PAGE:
Even after the Nasrallah era, the challenge he posed to us remains intact. Without any doubt, Nasrallah was the great challenger of the Israeli spirit in this period. He knew Israel well and accurately identified its weak points. True, the sheikh was given to boasting and also made a mistake in his calculations when he initiated the July offensive, but he is gifted with a certain type of postmodern military genius that is capable of extracting the maximum impact from limited resources. The disciplined guerrilla army, hidden from the eye and using its own remote-control weapons, is the army of the future. By means of that army, Nasrallah directed a battle film that deserves to be studied.
His thesis about Israel as a society of spider webs must be addressed.
Seemingly, the events of the summer refute the spider-web thesis. As in 2002, the Israeli population demonstrated its resilience in 2006. The Israeli fighters demonstrated sophistication and resourcefulness. Israel emerged from the campaign with the upper hand. However, these achievements cannot blur the fact that at certain moments and in certain spheres Israel's weaknesses as a fighting democracy were revealed. The delay in launching the ground move stemmed from the fear of putting the ground forces to the test. The weeks in which Israel's citizens sat in shelters in order to protect the lives of Israel's soldiers attested to a fundamental anomaly. Throughout the Middle East, the impression was that the civil society in Israel is not mentally or morally prepared to take difficult but necessary military steps. The fact that in the end both the society and the army found in themselves an inner strength as in Operation Defensive Shield came as a surprise to Nasrallah and was his undoing. However, some of the question marks he raised still remain. The war of 2006 did not resemble the 1973 war in its intensity, its scale or in the human losses it caused. It did not endanger Israel's existence and did not inflict a disaster on the country. However, the 2006 war caused a severe blow to the home front such as we have not known since 1973.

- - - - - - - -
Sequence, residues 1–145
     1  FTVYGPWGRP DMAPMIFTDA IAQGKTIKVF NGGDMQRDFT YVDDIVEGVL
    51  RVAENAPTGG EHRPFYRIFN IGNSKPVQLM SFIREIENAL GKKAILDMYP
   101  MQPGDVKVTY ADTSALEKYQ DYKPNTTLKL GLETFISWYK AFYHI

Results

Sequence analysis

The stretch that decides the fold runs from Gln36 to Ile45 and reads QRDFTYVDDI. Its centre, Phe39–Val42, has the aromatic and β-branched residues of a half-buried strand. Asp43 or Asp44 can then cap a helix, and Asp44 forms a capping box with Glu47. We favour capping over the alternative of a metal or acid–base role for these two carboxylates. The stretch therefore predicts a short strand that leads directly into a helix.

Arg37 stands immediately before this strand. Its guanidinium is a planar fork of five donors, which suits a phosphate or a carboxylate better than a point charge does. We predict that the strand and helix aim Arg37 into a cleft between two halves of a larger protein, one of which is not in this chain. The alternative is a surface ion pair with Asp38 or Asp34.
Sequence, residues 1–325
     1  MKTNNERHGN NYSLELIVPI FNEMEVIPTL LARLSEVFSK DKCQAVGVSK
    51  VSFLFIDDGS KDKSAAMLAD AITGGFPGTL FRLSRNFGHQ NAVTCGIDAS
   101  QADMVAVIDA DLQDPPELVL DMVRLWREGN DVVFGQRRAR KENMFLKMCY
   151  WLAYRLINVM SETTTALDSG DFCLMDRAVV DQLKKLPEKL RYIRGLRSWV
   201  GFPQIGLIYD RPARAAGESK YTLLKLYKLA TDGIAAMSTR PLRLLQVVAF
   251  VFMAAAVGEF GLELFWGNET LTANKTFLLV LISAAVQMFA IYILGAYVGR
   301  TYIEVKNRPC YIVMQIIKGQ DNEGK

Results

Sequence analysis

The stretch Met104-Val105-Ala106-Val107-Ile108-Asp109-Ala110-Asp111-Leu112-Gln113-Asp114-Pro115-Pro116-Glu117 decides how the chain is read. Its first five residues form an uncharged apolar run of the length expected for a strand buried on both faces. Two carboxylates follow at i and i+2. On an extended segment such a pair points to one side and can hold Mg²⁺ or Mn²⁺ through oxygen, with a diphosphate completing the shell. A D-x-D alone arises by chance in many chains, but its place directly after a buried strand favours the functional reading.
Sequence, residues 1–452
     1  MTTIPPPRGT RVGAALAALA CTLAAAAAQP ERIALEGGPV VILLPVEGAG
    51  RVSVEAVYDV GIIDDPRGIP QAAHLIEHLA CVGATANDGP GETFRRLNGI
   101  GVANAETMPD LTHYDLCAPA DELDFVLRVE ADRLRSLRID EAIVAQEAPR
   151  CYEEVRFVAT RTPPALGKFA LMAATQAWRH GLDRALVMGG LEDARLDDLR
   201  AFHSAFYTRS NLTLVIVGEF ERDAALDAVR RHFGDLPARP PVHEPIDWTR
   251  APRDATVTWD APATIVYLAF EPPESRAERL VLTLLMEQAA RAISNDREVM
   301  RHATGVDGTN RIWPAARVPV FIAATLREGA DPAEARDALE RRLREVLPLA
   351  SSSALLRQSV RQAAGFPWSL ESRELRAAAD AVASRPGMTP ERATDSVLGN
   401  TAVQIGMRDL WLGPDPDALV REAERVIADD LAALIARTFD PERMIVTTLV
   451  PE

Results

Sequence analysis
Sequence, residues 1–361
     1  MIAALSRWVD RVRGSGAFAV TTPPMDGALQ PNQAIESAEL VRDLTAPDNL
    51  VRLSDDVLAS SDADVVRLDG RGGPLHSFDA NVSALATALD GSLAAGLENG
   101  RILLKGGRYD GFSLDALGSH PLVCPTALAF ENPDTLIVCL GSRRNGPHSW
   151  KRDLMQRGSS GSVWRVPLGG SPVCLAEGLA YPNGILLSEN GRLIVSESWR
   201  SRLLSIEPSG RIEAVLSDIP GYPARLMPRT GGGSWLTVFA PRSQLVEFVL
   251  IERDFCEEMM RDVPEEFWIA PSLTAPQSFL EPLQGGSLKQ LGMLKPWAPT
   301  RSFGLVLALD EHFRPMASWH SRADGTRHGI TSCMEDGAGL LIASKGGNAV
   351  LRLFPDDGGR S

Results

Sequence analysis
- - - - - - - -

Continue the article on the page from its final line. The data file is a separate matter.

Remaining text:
The war of 2006 left behind a series of additional precedents that are also worrisome. Precisely because the war was not waged against a sovereign state but against a sub-state organization, its implications could be serious. Accordingly, this war has to be seen as a kind of giant warning sign.
In contrast to the Agranat Commission after the 1973 war, the Barak Commission after the war of 2006 does not see fit to take any measures against senior figures in the Israeli establishment. However, already at this early stage, before the full report is submitted to the government, the commission recommends that conclusions be drawn in the sphere of the political and strategic conception, which will prevent the recurrence of the pattern of unilateral withdrawal, will neutralize the threat of steep-trajectory weapons and will restore Israel's deterrent capability
. Only thus will it be possible to ensure Israel's security and steadfastness in the long term. http://www.haaretz.com/hasen/spages/740948.html